When I got to Carrier Air Wing 14, one of the first things I asked my CAG (Commander Air Group) was when I could ride a jet. (I have longed to do so since I was a sophomore in high school.) Sixteen months later I was being strapped into the rear seat of a F/A-18E Super Hornet.

Flying in a Navy Jet: How Disappointed Dreams Can Help You

Seven months before I took a two-day training where I was taught how to "hick" in order to be able to take the g-forces at slightly subsonic speed turns, was launched in the ejection seat trainer, and required to swim the length and back of a pool in flight suit and boots. By the time I was done I felt prepared to meet the challenge ahead - actually not.

The day before the "hop" I was oriented to the aircraft by a PR3 (Aircrew Survival Equipmentman Third Class) less than half my age whose knowledge of the jet put master degreed me to shame. After answering almost everyone of his questions incorrectly he gave me some advise, "Sir, don't touch anything and enjoy your flight!"

At the appointed time I walked out on the flight deck with my pilot. If I tell you his call sign was Job do you get a sense of where this is going? (Real Navy Aviation call signs are not cool like in Top Gun, they are insulting. Being a chaplain I was spared.)

The Plane Captain, who looked younger than the PR3 (she turned out to be slightly more than a third of my age) greeted us. While I sat in the back she completed the final inspection with Job, prepped the jet to launch, and headed toward the “cat.”

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You may not be aware but when a jet leaves an aircraft carrier it is flung off by a catapult at about 165 mph. The process happens in seconds and once you are off the deck you slow down so dramatically it feels as if you stop.

We were flying a tanker hop, which means we had extra fuel tanks mounted on our jet from which other planes could refuel mid-air. As such, we flew "lazy" circles to 14,000 feet where we could perform our task when called.

Have you ever read the poem High Flight? Surrounded by a clear canopy with a 270-degree view I felt like I could put out my hand and touch the face of G-d.

Then the comms crackled. I did not understand what the operator said but Job told me to hold on since we had to go check out a ship that was not responding to the carrier's call. We made an inverted dive from 14,000 to 1000 feet in seconds, hitting about seven Gs. Unfortunately, despite massive hicking on my part my stomach stayed at 14,000 feet.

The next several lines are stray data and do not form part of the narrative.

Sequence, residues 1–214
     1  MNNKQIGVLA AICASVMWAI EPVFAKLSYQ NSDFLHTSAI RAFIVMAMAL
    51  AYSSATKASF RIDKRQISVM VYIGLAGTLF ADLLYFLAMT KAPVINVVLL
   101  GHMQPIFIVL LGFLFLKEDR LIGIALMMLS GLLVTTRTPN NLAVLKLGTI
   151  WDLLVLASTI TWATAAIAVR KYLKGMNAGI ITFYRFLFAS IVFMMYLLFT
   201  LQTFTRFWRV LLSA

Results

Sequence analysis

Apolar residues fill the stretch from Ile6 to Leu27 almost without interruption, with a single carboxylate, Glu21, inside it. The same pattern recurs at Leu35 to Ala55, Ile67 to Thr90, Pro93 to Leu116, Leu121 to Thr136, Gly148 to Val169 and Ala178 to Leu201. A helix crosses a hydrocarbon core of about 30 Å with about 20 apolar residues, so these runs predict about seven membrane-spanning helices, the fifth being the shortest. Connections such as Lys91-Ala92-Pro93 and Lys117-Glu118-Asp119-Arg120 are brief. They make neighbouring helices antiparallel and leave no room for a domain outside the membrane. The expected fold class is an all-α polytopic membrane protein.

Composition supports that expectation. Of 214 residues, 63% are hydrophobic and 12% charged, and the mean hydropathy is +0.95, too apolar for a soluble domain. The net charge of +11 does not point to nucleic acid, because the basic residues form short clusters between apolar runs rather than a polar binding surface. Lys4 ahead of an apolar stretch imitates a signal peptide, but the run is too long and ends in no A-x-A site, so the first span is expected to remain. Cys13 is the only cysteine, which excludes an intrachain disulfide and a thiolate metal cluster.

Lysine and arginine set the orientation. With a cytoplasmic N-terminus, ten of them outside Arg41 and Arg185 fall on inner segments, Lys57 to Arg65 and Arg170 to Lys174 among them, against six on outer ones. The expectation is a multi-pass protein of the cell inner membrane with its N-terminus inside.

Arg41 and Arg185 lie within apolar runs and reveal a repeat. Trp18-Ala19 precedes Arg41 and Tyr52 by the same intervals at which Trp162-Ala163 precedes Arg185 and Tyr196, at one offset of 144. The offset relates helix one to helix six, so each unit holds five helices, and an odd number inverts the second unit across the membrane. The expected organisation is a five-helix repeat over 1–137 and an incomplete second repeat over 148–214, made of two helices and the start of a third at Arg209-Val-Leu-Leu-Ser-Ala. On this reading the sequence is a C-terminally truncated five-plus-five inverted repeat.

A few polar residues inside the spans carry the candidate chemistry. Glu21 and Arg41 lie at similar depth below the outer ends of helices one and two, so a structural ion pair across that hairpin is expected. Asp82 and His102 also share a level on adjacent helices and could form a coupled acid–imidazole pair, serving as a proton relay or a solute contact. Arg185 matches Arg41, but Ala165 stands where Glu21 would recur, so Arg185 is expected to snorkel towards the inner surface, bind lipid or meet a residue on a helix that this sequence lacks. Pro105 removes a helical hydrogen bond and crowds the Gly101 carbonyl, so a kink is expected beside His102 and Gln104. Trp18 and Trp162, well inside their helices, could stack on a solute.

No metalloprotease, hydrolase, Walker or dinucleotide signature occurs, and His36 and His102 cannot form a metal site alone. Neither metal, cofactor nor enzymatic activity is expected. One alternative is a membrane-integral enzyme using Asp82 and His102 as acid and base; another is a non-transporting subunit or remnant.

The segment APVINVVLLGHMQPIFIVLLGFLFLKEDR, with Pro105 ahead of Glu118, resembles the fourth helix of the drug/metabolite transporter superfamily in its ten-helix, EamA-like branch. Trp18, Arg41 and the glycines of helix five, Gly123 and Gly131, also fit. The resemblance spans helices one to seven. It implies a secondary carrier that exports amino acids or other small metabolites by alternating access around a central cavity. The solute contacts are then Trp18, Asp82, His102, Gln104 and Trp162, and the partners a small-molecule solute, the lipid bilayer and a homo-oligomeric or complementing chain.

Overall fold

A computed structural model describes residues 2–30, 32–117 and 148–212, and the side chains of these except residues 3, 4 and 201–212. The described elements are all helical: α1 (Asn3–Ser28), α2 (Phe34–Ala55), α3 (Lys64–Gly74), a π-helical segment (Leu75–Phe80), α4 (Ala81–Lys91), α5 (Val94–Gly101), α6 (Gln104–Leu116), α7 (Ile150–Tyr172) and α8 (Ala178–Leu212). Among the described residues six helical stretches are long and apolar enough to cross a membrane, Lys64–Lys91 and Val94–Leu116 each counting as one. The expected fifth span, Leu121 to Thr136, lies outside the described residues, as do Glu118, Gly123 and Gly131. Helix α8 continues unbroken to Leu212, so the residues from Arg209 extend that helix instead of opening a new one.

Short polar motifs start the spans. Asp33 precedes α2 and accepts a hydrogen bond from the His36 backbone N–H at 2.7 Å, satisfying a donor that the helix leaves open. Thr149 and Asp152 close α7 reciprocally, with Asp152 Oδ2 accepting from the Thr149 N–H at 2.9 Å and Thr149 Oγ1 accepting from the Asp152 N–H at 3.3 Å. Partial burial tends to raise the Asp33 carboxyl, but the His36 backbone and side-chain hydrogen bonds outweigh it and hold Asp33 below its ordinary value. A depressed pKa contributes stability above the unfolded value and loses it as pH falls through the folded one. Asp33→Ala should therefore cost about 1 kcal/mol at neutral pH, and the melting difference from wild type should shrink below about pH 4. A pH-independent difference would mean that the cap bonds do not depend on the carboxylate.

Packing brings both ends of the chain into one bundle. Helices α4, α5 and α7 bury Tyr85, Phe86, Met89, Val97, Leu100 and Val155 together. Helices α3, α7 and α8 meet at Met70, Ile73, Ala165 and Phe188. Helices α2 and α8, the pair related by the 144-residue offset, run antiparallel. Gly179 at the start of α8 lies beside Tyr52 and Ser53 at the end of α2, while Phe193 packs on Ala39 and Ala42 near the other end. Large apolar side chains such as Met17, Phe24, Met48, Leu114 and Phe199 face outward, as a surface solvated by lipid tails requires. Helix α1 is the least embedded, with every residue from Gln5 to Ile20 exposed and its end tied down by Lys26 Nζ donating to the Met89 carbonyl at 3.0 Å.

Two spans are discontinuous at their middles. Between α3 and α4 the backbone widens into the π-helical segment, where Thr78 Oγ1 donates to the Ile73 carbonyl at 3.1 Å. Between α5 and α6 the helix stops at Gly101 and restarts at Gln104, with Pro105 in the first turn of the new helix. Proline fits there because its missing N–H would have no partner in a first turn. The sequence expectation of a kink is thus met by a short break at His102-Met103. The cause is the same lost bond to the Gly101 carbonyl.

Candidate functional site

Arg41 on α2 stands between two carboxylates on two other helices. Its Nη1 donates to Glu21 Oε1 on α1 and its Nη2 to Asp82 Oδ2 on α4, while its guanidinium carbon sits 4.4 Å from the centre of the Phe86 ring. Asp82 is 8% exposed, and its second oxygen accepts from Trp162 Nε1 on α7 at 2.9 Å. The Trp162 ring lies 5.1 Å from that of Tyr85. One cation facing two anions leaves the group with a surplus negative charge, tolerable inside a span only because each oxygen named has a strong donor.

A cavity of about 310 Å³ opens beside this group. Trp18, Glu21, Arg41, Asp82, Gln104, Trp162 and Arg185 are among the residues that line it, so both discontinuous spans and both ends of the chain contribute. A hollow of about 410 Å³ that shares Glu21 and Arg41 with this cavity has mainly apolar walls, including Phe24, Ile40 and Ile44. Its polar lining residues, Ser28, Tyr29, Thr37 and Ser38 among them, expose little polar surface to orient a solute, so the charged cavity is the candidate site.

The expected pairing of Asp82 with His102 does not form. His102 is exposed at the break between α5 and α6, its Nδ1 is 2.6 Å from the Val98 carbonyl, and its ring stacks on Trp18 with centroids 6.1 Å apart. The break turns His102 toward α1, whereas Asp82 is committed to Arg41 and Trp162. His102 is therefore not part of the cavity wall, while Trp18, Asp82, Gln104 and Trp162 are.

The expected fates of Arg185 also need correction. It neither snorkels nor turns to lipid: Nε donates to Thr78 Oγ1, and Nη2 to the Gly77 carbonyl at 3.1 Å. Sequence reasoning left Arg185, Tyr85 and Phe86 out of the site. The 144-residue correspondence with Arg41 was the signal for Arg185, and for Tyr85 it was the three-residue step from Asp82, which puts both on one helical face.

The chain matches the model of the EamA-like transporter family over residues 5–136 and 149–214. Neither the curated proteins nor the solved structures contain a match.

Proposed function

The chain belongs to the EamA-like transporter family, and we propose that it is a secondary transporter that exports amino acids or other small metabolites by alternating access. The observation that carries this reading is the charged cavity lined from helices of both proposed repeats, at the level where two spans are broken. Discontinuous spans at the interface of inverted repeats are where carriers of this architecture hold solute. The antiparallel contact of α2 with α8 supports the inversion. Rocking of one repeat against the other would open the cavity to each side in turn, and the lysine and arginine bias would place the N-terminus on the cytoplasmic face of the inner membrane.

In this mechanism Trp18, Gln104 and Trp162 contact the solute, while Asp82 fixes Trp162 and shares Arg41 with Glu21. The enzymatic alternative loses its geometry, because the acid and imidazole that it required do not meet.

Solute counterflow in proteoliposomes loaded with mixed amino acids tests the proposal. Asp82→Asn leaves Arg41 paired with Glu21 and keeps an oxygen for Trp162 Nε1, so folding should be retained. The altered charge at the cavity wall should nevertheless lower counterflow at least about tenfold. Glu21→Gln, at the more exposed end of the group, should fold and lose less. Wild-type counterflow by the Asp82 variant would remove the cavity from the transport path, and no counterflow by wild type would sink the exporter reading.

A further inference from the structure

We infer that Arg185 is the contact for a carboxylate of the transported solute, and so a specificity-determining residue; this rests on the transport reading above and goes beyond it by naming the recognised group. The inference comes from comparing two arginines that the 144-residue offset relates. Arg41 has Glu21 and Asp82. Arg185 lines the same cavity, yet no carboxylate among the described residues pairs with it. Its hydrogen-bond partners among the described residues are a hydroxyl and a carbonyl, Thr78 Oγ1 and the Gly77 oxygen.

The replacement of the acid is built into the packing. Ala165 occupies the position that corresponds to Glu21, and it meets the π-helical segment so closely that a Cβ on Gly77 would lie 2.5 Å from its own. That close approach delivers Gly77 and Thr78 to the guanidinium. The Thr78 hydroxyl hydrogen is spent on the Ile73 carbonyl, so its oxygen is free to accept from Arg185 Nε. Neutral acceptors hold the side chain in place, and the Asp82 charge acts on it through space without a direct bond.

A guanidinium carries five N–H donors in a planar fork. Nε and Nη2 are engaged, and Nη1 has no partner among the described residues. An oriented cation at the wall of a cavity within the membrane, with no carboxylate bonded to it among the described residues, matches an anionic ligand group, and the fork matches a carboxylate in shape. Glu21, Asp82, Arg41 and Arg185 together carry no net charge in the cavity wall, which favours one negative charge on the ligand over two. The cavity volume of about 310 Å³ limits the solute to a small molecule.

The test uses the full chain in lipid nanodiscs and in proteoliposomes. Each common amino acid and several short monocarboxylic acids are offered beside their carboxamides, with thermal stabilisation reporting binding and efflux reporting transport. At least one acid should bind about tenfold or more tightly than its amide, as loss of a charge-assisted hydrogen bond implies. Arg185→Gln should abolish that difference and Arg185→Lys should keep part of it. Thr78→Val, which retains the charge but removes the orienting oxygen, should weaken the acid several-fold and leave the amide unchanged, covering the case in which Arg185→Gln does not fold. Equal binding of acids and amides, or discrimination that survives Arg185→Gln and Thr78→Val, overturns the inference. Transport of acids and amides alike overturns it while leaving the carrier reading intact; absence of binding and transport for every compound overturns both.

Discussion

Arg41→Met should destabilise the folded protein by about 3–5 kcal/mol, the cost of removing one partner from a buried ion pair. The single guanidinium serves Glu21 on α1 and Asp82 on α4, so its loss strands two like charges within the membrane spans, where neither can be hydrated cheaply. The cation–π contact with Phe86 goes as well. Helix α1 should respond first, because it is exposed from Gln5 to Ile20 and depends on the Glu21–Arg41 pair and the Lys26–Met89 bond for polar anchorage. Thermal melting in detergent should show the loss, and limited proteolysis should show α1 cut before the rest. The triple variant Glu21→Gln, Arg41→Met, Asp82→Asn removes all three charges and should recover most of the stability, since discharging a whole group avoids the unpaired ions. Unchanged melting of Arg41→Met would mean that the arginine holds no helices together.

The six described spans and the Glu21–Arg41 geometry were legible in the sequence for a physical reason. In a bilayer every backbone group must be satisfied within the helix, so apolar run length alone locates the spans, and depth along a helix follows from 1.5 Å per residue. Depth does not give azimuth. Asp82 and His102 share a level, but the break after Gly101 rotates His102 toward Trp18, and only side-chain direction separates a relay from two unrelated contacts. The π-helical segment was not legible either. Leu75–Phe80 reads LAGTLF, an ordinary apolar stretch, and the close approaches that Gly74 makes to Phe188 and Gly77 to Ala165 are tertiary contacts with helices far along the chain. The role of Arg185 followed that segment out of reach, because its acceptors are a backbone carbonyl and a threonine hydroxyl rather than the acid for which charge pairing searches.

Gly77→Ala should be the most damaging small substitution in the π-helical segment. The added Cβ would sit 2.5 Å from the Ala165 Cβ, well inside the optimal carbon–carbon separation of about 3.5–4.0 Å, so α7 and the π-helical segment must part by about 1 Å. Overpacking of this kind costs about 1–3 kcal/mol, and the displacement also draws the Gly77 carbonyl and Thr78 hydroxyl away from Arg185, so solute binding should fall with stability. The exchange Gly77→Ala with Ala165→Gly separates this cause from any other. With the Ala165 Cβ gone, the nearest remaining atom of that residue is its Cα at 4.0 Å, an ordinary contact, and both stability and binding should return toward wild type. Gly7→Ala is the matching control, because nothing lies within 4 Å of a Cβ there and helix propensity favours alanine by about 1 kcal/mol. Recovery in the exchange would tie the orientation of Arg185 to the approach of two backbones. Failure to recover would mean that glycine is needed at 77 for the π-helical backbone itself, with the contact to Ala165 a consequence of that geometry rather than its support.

I would like to tell you we identified a spy ship and radioed to another jet to dust it. No, it was just a research vessel that could not be troubled to worry about being run down by an aircraft carrier.

Back up top we went. I was ready to land, but we had to be the last plane down in case another needed fuel. Around and around we flew waiting for the other planes to finish their missions and enter the flight path for recovery on the carrier. Sick as a dog, the only thing I could think of was maintaining my dignity by not giving back the breakfast I had not eaten.

My torture would have ended sooner but one plane was missing from the group so around we kept going. On the fourth or fifth diversion from landing (do you expect I would remember as sick as I was?) the bag came out. This, despite Job's Herculean effort to fly smoothly.

Fortunately my CAG had warned me that when you line up to land you look like you are going to overshoot the flight deck because at the last minute the wind sweeping over the rear of the deck pulls you down. When the tailhook caught the arresting wire, dropping our speed from 100+ mph to 0, I had never been so happy to be on that ship.

I crawled out of the cockpit and down the ladder to the deck, falling to my knees in relief. That was when the young Plane Captain called to me, "Sir, sir, I am required to salute you and you must salute me back." Discipline uber alles.

On rubbery legs I made my way down to the ready room for debriefing. Then, using the bulkhead (wall) for support made my way down the passageway to my stateroom. On the way there my DCAG (Deputy CAG) saw me and asked how the flight went. I am sure he knew by the pallor of my face but ever the former Blue Angels CO he handed me a bottle of water and told me to hit my rack (go to bed).

A few hours later I had the opportunity to thank G-d I survived when I led Sabbath evening services. Why do these things always seem to happen on Friday?

I took away so many lessons from this adventure, among them: the amazing skill and youth of the sailors that ensure flights happen safely; how far you can go, even to the point of sickness, to help others; although disappointed by a dream coming true, the result may propel greater personal growth than if it had gone well.

Question – What have you learned from a dream coming true?

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